by Shonnie Scarola
used with permission
The Christmas Crib (creche) dates back to St. Francis of Assisi (Feast October 4). It was in 1293 that the first creche was celebrated in the woods of Greccio near Assisi, on Christmas Eve. There lived in that town a man by the name of John (Messier Giovanni Velitta), a very holy man who stood in high esteem. Blessed Francis loved him with a special affection because he despised the nobility of the flesh and strove after the nobility of the soul.
Blessed Francis called upon John about two weeks before Christmas and said to him, "If you desire that we should celebrate this year's Christmas together at Greccio, go quickly and prepare what I tell you; for I want to enact the memory of the Infant who was born at Bethlehem and how He was bedded in the manger on hay between a donkey and an ox. I want to see all of this with my own eyes." The good and faithful man departed quickly and prepared everything that the Saint had told him.
The Friars who had come from many communities, gathered around St. Francis as did the men and women of the neighborhood. They brought candles and torches to brighten the night. St. Francis arrived and saw that everything had been prepared. The crib was made ready, hay was brought, the ox and the donkey were led to the spot.Greccio became a new Bethlehem. The crowds gathered and rejoiced in the celebration.Solemn Mass was sung.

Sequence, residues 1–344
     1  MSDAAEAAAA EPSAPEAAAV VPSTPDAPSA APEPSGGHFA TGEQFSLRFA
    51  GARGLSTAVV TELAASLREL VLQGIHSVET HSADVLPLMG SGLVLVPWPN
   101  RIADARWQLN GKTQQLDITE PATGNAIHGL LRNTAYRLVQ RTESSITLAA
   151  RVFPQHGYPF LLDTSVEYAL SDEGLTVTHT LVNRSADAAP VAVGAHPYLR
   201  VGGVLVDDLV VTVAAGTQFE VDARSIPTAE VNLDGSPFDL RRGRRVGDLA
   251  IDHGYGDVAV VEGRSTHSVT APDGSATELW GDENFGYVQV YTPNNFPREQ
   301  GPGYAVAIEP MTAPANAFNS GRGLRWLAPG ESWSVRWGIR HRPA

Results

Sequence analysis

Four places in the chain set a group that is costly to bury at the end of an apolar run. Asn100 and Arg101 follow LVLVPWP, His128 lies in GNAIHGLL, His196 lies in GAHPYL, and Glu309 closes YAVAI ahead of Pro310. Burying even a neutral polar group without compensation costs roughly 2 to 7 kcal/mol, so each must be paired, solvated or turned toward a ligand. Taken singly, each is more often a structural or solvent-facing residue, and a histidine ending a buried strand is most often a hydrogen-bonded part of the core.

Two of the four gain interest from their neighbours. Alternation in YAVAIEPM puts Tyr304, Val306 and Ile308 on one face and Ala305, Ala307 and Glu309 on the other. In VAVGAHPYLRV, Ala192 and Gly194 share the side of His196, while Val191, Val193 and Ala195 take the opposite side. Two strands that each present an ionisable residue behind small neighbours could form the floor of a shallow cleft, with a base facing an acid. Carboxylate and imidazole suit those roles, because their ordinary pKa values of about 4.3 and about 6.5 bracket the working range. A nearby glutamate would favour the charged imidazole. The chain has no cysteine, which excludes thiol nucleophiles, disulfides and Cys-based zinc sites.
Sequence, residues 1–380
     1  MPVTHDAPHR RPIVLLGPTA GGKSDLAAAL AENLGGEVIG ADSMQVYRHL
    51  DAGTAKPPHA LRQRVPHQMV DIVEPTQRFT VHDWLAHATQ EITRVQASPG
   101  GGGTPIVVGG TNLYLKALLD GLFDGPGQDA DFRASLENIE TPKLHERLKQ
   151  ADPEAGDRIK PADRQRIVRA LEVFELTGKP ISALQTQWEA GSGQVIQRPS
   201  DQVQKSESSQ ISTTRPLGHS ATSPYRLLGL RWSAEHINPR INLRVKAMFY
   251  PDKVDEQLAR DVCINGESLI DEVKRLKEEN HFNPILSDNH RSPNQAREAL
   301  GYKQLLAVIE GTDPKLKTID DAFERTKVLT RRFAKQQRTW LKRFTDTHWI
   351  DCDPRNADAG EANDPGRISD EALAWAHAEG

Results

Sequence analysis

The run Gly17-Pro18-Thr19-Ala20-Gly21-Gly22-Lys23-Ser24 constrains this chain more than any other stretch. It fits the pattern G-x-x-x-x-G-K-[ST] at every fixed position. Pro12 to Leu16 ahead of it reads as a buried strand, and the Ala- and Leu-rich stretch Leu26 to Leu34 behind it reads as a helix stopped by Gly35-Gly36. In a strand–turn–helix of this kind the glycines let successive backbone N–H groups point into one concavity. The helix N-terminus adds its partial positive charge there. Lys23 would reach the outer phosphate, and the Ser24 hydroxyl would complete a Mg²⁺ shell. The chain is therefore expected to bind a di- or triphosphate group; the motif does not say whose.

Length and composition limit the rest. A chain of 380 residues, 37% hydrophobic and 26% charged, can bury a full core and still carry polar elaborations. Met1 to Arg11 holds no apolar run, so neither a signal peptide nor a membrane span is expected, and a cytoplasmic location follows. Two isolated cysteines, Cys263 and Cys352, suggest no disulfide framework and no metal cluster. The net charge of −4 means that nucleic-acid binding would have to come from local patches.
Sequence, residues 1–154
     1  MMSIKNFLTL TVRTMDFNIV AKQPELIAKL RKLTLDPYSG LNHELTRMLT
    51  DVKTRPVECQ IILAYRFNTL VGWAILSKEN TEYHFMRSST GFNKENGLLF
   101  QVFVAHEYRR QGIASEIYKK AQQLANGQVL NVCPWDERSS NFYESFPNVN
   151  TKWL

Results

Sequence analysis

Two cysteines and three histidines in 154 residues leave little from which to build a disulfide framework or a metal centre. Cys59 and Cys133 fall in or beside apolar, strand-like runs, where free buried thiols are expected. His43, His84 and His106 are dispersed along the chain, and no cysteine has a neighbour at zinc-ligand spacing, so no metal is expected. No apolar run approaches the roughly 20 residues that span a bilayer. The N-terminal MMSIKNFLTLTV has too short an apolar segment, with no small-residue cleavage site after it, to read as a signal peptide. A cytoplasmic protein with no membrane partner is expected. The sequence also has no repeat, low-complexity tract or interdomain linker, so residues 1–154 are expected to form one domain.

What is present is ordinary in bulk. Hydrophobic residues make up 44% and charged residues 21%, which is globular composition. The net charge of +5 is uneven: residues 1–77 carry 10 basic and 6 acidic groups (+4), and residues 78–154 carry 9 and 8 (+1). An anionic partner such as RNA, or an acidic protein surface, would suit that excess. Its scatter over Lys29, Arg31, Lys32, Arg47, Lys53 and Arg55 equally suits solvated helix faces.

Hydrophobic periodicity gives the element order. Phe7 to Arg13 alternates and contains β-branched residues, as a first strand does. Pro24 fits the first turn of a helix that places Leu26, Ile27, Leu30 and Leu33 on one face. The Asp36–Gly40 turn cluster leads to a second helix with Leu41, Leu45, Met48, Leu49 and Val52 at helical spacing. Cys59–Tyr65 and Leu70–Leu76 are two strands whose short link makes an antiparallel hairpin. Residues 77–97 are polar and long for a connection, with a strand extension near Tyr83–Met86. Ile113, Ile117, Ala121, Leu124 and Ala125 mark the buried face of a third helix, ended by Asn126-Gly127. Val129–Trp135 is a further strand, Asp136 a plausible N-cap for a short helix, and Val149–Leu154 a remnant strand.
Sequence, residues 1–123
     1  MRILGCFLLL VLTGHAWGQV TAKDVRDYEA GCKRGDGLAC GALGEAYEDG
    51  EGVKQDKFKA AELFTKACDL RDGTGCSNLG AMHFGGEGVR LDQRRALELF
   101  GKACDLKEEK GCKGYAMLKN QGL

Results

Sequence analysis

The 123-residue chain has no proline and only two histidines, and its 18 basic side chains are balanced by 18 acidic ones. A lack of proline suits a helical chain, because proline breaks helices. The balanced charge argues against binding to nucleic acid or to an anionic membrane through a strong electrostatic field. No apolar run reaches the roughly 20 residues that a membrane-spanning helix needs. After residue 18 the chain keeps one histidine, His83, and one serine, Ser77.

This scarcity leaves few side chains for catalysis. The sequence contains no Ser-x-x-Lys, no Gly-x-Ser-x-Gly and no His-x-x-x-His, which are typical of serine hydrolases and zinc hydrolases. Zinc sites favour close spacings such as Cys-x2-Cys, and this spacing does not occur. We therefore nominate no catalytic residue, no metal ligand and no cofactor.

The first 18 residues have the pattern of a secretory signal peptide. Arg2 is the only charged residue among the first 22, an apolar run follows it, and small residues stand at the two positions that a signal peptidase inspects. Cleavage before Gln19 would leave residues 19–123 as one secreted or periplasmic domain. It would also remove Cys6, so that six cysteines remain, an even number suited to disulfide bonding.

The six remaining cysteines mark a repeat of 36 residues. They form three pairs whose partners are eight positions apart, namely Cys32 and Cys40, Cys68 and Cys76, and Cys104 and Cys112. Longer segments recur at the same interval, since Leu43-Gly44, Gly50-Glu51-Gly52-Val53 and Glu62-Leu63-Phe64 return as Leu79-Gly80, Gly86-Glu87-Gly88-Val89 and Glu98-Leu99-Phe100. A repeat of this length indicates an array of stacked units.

St. Francis, dressed in deacon's vestments, (it is said that out of humility he never attempted to become a priest) sang the Gospel. Then he preached a delightful sermon to the people. It is recorded that after the Mass, St. Francis went to the crib and stretched out his arms as though the Holy Child was there, and brought into being by the intensity of his devotion, the Babe appeared and the empty manger was filled with the radiance of the new born King.
St. Francis' idea of bringing Bethlehem into one's own town spread quickly all over the Christian world, and soon there were Christmas cribs in churches and homes. The Moravian Germans brought this custom to the United States. They called it Putz. The oldest known picture is a "Nativity scene" dating from about 380 that was a wall decoration in a Christian family's burial chamber, discovered in the Roman catacombs of St. Sebastian in 1877.